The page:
Deadly Ancient Roman ‘Gate To Hell’ Able To Kill Instantly Still Exists Until Today

The enigma surrounding a deadly cave, thought by ancient Romans to be the gateway to hell, is being uncovered. The gruesome grotto in the city of Hierapolis was rumored to instantly cause death to any creature venturing into it, and experts may ultimately know how.
A 2018 research revealed that the poisonous gases discharged from the cave are thought to have suffocated the animals ritually offered there. The sacred site, dating back 2,200 years, was excavated by archaeologists from the University of Salento 10 years ago.

Source: University of Salento

Artist impression of the 'gateway to hell' (right) in the Roman city of Hierapolis

It includes a stone doorway leading to a cave-like grotto, constructed into one wall of a square arena with raised seating around its edges. The spot was used for grim religious ceremonies, where castrated priests led bulls to their deaths, according to historical documents.
Crowds would observe as noxious fumes pouring from the gate as a visible mist asphyxiated the otherwise healthy cattle. The priests who came along with them, however, would return unharmed – apparently spared by the Gods they served.

Source: University of Salento

Dating back 2,200 years, the sacred spot was unearthed by archaeologists in 2011

What made experts notice the cave was that they observed birds flying near the entrance quickly fell to death, which means that it’s just as lethal today. The underground volcanic activity accounted for the site’s toxic properties, according to a 2018 study by a team from University of Duisburg-Essen in Germany.
Named after Plutonium, or Pluto, the god of the underworld, the gat is constructed right above a deep fissure running below Hierapolis, emitting enormous volumes of CO2. Researchers measured the amount of the harmful gas seeping out of the cave over time, only find that the chemical formed a “lake” risng 40 cm (15.75 inches) above the arena floor.

Source: University of Salento

Part of the stone doorway that led to the cave-like grotto

"In a grotto below the temple of Pluto, CO2 was found to be at deadly concentrations of up to 91 per cent," scientists described. "Astonishingly, these vapours are still emitted in concentrations that nowadays kill insects, birds, and mammals." The research revealed that the gas become most lethal at dawn, after a night of accumulating in the cave, and is dissipated by the Sun in the daytime.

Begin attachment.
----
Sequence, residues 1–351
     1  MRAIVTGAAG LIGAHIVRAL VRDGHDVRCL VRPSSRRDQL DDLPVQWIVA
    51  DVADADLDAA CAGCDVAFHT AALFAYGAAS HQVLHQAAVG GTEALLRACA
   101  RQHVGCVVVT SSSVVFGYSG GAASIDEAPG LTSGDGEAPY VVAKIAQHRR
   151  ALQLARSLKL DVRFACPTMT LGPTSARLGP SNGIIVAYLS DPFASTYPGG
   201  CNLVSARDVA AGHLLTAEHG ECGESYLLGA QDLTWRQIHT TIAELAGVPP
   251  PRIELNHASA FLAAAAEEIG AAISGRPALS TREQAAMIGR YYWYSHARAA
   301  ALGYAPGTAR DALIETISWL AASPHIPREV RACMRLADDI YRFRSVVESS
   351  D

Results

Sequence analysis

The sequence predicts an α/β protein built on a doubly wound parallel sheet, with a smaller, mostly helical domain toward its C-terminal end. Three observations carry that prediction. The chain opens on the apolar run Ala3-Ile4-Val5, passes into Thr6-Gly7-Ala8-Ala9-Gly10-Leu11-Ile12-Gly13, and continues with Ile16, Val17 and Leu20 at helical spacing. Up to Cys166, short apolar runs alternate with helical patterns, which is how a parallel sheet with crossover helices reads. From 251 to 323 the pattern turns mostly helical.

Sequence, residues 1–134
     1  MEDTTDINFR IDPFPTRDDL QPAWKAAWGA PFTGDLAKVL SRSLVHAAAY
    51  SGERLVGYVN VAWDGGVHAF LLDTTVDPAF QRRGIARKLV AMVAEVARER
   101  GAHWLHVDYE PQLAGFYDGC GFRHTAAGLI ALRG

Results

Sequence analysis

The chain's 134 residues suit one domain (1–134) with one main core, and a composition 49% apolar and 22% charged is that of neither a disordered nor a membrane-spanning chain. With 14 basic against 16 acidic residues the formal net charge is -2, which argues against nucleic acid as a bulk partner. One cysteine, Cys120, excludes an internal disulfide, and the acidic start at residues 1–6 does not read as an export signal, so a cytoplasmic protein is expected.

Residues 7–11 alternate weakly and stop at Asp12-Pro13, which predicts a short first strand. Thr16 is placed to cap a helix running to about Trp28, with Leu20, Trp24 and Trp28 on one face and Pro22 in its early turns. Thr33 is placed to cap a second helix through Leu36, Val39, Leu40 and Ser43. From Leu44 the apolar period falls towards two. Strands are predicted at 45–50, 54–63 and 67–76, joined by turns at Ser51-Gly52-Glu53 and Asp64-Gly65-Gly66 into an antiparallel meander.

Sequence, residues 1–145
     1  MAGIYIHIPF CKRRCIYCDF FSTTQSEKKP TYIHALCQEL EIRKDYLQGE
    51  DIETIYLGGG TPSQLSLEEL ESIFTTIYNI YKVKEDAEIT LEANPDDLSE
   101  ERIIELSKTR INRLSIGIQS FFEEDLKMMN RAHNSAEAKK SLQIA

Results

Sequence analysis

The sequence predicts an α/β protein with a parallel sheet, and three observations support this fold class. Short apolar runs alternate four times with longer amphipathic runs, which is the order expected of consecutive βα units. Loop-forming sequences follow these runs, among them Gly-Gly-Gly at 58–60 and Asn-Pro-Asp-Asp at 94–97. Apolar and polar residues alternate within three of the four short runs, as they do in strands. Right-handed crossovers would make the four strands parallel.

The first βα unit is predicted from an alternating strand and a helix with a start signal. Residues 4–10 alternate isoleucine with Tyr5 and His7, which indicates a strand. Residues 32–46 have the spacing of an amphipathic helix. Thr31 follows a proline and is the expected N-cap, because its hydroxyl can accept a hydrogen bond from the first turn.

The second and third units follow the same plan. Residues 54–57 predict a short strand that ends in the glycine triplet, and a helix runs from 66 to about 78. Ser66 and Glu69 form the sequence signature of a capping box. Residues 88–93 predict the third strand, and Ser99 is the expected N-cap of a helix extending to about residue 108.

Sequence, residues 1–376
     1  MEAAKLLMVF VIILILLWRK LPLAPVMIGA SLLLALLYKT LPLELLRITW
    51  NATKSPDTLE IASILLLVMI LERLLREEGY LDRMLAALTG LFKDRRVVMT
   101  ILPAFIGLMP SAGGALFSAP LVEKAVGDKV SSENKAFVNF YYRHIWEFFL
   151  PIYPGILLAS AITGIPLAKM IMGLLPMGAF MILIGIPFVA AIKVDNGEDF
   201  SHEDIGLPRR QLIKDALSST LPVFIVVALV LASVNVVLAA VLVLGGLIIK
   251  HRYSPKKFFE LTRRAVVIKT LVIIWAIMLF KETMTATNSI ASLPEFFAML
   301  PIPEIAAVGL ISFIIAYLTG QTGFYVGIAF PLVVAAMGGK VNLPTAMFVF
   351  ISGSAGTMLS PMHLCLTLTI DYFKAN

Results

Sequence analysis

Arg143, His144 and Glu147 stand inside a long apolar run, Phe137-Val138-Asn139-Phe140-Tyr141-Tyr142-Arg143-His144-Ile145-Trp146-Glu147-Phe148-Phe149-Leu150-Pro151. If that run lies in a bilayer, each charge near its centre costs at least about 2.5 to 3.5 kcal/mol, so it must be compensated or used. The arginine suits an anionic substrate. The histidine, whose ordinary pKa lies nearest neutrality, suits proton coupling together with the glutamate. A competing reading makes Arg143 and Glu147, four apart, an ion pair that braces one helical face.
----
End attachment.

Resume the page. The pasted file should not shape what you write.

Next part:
The concentration was above 50% at the bottom of the lake, rising to 35% at 10 cm, deadly to a human. Above 40 cm, however, the gas level plummeted. Visitors would purchase small animals, such as birds, to sacrifice them by throwing them from the stands to the site. On feast days, priests, who were tall enough to steer clear from the deadly CO2, would offer big animals.

Source: Getty Images

"While the bull was standing within the gas lake with its mouth and nostrils at a height between 60 and 90 cm, the large, grown priests (galli) always stood upright within the lake caring that their nose and mouth were way above the toxic level of the Hadean breath of death," according to the research. "It is reported that they sometimes used stones to be larger."
The location was intially depicted by Greek historians Strabo and Plinius as a gate to the underworld. "This space is full of a vapour so misty and dense that one can scarcely see the ground," Strabo (64 BCE - 24 CE) wrote in one text. "Any animal that passes inside meets instant death. I threw in sparrows and they immediately breathed their last and fell."
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